Weather conditions can sometimes pose some very serious hazards out on the roads for drivers. In some instances, adverse weather conditions contribute to auto crashes. Sadly, sometimes, weather-related traffic crashes end up taking lives. It is estimated that weather-related auto accidents are responsible for around 7,000 deaths a year here in the United States.
When it comes to hazardous weather conditions, a lot of attention is often focused on snow. However, a recent report indicates that, in most of the country, rain actually takes more lives out on the roads than snow does.
Using federal data on fatal traffic accidents in the U.S. that occurred between 2009 and 2013, the report compared the number of rain-related traffic fatalities and snow-related traffic fatalities in each state. The report found that, in nearly four-fifths of the states (39 states) rain-related traffic fatalities outnumbered snow-related traffic fatalities. Oklahoma was among these 39 states.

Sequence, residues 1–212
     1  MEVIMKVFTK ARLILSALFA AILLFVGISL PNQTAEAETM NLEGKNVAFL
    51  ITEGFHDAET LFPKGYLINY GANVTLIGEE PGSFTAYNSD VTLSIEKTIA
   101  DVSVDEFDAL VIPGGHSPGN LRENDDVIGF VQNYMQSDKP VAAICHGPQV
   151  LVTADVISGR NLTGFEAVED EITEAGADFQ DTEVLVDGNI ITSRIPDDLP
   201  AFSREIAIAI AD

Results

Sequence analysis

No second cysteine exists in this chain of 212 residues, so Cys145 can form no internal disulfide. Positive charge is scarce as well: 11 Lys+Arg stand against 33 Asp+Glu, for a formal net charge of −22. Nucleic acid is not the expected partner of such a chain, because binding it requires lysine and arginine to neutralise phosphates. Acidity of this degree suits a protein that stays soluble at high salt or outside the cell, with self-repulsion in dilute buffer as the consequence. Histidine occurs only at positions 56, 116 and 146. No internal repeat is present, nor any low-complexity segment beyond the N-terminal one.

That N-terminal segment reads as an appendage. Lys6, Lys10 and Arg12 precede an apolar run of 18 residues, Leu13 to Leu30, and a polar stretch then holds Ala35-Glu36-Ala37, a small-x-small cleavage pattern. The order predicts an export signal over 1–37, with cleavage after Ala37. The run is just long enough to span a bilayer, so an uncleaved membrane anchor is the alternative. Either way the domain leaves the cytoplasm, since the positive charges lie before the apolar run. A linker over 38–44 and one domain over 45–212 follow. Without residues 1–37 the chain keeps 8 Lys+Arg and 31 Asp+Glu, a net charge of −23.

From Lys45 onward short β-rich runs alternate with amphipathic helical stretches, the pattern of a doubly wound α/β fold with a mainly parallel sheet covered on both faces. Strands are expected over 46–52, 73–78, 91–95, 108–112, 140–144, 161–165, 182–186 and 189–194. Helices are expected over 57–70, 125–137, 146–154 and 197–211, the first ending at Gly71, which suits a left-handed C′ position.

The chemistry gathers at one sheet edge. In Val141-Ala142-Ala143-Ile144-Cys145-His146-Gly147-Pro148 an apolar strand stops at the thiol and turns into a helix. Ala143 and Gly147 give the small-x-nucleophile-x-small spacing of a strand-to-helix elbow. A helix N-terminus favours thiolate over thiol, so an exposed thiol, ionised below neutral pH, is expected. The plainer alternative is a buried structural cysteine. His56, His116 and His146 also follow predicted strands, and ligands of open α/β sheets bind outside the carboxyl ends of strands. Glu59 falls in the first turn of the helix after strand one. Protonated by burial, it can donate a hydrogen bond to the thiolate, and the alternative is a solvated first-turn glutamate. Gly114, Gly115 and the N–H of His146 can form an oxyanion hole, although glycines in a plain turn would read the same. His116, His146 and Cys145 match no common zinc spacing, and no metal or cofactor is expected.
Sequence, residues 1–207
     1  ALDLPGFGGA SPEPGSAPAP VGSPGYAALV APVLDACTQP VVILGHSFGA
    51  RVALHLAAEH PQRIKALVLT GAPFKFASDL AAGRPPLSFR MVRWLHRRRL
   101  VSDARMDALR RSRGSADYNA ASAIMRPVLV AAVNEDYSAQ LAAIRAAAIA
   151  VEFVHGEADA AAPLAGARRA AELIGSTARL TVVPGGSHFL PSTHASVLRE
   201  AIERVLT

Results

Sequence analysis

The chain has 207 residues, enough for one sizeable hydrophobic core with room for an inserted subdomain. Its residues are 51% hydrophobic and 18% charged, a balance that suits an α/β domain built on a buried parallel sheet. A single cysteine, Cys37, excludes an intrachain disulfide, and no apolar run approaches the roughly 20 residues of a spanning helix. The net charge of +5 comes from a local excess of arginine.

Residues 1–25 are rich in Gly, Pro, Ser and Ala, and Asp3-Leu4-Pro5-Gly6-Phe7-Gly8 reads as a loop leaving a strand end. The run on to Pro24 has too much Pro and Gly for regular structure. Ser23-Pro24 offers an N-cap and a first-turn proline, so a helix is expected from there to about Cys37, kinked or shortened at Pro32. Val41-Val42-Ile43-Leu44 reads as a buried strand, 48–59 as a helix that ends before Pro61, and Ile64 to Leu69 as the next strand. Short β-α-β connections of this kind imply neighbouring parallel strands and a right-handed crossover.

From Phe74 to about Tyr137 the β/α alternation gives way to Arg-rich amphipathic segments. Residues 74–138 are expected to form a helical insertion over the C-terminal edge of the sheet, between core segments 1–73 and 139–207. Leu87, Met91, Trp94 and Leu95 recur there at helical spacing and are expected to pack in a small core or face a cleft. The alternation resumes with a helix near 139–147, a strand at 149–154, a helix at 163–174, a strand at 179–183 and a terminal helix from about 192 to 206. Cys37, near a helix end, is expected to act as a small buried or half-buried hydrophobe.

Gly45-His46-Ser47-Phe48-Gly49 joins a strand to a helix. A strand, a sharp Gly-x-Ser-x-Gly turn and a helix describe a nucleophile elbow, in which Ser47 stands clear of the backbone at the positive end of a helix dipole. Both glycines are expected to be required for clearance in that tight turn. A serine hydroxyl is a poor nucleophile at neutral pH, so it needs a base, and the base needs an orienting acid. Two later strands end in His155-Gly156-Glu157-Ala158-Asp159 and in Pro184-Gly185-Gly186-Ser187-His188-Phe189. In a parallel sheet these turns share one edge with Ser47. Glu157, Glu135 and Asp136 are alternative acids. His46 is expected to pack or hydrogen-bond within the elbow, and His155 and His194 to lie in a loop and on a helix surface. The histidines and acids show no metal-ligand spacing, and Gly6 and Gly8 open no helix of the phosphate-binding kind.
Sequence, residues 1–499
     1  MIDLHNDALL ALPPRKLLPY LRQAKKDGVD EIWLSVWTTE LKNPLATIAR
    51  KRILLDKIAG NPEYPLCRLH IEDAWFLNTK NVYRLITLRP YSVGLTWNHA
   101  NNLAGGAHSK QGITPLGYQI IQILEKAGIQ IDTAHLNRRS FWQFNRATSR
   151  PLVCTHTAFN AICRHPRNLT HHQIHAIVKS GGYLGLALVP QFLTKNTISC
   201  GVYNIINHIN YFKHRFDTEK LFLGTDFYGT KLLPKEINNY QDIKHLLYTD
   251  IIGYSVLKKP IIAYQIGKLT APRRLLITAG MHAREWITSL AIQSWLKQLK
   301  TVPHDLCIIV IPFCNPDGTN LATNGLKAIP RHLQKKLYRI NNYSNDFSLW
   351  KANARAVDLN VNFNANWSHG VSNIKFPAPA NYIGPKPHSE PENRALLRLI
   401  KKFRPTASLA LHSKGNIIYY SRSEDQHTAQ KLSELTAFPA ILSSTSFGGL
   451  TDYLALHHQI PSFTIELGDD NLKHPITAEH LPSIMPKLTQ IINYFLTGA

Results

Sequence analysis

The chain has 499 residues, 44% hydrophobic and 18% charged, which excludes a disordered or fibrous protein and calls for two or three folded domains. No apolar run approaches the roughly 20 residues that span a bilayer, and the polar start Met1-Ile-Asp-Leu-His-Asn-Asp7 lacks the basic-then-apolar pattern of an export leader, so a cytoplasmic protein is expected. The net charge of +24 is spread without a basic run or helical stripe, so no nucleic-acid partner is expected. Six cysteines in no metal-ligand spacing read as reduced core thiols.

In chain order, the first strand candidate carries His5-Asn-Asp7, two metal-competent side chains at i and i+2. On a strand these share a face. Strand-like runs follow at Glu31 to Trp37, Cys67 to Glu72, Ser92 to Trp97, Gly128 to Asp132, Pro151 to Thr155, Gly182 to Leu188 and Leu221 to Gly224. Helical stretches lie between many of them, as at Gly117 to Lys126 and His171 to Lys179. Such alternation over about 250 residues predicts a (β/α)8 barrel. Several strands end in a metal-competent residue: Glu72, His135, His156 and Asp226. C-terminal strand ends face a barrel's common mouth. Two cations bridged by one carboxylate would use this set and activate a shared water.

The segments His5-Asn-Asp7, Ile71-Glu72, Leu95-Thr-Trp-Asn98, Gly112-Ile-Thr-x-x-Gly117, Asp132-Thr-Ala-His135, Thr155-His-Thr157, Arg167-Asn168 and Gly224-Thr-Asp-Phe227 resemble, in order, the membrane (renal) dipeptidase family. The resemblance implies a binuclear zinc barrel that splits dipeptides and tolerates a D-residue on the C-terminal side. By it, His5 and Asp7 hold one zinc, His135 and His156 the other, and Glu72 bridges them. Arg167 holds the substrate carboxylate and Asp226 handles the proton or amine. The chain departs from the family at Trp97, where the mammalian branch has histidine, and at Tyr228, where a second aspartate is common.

Why is rain responsible for more traffic deaths than snow in many states?
One potential reason could be that, in many areas, rain is a weather condition that drivers encounter considerably more frequently than snow.
It could also possibly have to do with differences in the ways drivers generally react to rainy conditions as opposed to snowy conditions. According to a meteorology expert from Plymouth State University who is unconnected to the above-mentioned report, drivers often do not exhibit as much caution when they are driving in rainy conditions as they do when they drive in snowy conditions.
It is very important for drivers to not underestimate rain's ability to make driving conditions difficult. Among the negative effects rainy weather conditions can have for driving is that such conditions can lower driver visibility and can cause the roads to become slick. Thus, when driving in rain, it is very important for drivers here in Oklahoma to exercise a caution level appropriate for the potential driving difficulties rain can pose.
Attorneys can help individuals here in Oklahoma who have suffered injuries in a rain-related traffic crash or who have lost a loved one due to such an accident try to uncover what specific factors played a role in the crash.
Source: USA Today, "Surprise: Rain is the deadliest weather driving hazard," Doyle Rice, May 14, 2015